Footnotes in Gaza

Joe Sacco (Author)
Available

Description

"Sacco brings the conflict down to the most human level, allowing us to imagine our way inside it, to make the desperation he discovers, in some small way, our own."--Los Angeles Times

Rafah, a town at the bottommost tip of the Gaza Strip, has long been a notorious flashpoint in the bitter Middle East conflict. Buried deep in the archives is one bloody incident, in 1956, that left 111 Palestinians shot dead by Israeli soldiers. Seemingly a footnote to a long history of killing, that day in Rafah--cold-blooded massacre or dreadful mistake--reveals the competing truths that have come to define an intractable war.

In a quest to get to the heart of what happened, Joe Sacco immerses himself in the daily life of Rafah and the neighboring town of Khan Younis, uncovering Gaza past and present. As in Palestine and Safe Area Gorazde, his unique visual journalism renders a contested landscape in brilliant, meticulous detail. Spanning fifty years, moving fluidly between one war and the next, Footnotes in Gaza--Sacco's most ambitious work to date--transforms a critical conflict of our age into intimate and immediate experience.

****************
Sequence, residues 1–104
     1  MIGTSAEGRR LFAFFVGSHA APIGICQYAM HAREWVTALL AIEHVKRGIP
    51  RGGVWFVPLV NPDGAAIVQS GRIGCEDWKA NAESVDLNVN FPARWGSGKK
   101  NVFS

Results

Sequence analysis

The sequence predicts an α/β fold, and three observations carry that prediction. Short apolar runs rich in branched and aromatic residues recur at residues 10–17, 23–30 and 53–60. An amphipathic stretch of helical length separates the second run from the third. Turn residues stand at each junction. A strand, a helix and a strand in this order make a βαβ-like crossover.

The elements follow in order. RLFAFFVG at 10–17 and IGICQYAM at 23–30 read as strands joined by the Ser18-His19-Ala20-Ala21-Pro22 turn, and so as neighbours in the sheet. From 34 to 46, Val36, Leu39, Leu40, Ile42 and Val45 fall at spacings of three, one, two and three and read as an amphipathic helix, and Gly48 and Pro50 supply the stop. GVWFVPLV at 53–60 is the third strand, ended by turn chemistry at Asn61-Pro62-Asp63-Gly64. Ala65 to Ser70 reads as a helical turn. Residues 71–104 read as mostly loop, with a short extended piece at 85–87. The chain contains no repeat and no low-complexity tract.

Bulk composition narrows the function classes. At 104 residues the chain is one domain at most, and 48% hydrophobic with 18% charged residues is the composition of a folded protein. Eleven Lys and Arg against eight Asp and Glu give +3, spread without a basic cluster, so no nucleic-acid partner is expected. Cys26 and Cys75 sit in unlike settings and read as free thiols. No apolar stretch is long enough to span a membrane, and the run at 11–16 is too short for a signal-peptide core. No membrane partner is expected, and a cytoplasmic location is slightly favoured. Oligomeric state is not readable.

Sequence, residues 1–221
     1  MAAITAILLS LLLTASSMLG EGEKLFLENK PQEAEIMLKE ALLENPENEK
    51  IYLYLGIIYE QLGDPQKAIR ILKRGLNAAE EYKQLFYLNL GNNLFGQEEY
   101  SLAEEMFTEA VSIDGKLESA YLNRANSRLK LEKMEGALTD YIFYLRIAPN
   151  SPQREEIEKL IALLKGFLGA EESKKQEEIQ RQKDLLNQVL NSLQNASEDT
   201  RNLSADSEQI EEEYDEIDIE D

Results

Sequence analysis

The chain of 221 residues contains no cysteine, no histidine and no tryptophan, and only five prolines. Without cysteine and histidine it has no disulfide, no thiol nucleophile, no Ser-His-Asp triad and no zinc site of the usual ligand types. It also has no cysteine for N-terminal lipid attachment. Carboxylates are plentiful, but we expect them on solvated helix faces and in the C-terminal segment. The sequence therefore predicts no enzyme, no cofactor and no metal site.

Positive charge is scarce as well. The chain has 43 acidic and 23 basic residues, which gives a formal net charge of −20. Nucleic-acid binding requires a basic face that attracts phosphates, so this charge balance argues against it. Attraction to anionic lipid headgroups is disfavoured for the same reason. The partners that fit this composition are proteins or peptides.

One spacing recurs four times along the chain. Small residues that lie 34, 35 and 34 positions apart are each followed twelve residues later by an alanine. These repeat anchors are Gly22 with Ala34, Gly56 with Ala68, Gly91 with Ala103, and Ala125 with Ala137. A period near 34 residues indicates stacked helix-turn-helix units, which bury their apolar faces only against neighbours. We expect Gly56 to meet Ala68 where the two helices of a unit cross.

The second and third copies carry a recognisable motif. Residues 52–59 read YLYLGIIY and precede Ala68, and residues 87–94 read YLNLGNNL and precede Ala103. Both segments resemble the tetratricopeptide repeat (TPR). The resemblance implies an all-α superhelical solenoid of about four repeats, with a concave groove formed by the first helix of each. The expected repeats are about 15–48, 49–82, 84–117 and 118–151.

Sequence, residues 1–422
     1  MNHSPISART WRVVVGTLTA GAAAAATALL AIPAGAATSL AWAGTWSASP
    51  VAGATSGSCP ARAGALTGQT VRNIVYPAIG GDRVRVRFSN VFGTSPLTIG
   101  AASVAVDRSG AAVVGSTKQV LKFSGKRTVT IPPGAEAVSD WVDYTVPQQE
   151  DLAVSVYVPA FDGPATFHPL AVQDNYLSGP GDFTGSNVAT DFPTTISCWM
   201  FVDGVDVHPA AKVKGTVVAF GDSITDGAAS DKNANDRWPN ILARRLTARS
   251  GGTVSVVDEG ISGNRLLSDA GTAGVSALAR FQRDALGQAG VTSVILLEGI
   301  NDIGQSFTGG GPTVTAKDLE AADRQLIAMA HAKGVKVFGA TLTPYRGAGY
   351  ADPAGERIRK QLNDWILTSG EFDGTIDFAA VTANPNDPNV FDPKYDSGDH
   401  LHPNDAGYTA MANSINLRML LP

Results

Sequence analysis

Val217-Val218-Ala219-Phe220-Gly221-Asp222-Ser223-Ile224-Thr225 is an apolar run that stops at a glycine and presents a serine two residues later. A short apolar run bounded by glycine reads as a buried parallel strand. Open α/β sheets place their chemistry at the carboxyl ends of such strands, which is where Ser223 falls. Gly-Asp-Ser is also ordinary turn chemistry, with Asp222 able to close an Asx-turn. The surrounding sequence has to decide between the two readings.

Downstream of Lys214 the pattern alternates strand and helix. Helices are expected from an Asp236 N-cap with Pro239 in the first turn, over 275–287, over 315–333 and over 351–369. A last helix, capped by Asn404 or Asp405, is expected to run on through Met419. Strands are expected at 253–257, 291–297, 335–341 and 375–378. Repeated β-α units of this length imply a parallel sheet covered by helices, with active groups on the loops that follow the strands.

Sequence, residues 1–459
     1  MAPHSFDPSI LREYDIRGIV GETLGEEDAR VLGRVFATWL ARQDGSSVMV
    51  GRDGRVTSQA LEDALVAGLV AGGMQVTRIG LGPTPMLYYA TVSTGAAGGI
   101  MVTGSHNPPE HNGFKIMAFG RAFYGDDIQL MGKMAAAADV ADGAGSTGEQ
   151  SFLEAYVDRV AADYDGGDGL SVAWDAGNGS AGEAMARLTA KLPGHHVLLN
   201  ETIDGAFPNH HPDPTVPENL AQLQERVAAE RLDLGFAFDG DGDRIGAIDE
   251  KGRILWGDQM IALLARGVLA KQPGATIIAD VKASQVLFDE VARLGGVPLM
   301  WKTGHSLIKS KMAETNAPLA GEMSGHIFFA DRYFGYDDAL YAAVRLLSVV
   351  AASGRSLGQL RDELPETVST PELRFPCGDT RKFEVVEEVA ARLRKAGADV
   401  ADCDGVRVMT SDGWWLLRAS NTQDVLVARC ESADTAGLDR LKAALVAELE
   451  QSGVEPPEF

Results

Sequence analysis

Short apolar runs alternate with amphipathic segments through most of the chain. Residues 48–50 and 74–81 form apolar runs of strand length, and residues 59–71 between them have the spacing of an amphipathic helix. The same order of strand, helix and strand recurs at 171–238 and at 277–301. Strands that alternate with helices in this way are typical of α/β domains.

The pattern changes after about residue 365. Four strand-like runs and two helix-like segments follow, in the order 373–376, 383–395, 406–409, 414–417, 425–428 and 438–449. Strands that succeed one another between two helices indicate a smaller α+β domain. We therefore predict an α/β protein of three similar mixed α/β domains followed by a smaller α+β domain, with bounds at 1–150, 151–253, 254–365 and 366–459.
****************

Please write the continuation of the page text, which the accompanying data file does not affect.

Product Details

Price
$40.00  $36.80
Publisher
Metropolitan Books
Publish Date
October 12, 2010
Pages
418
Dimensions
7.7 X 1.1 X 10.5 inches | 2.35 pounds
Language
English
Type
Paperback
EAN/UPC
9780805092776
BISAC Categories:

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About the Author

Joe Sacco, one of the world's foremost cartoonists, is the author of, among other books, Palestine, which received the American Book Award, and Safe Area Gorazde, which won the Eisner Award and was named Time magazine's best comic book of 2000. His books have been translated into fourteen languages and his comics reporting has appeared in Details, The New York Times Magazine, Time, and Harper's. He lives in Portland, Oregon.

Reviews

"[A] gripping, important book...Sacco will find readers for Footnotes in Gaza far into the future because of the unique format and style of his comic-book narrative. He stands alone as a reporter-cartoonist because his ability to tell a story through his art is combined with investigative reporting of the highest quality." --The New York Times Book Review